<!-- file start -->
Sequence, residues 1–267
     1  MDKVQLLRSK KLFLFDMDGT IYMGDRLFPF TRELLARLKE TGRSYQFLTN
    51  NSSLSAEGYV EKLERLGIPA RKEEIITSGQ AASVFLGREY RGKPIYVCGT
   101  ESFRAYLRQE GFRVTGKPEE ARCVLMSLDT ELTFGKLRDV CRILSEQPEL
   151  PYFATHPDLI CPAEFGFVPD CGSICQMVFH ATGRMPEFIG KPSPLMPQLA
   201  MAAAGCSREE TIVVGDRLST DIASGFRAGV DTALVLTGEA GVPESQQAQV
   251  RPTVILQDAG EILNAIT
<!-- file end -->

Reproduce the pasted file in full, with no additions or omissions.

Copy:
Sequence, residues 1–267
     1  MDKVQLLRSK KLFLFDMDGT IYMGDRLFPF TRELLARLKE TGRSYQFLTN
    51  NSSLSAEGYV EKLERLGIPA RKEEIITSGQ AASVFLGREY RGKPIYVCGT
   101  ESFRAYLRQE GFRVTGKPEE ARCVLMSLDT ELTFGKLRDV CRILSEQPEL
   151  PYFATHPDLI CPAEFGFVPD CGSICQMVFH ATGRMPEFIG KPSPLMPQLA
   201  MAAAGCSREE TIVVGDRLST DIASGFRAGV DTALVLTGEA GVPESQQAQV
   251  RPTVILQDAG EILNAIT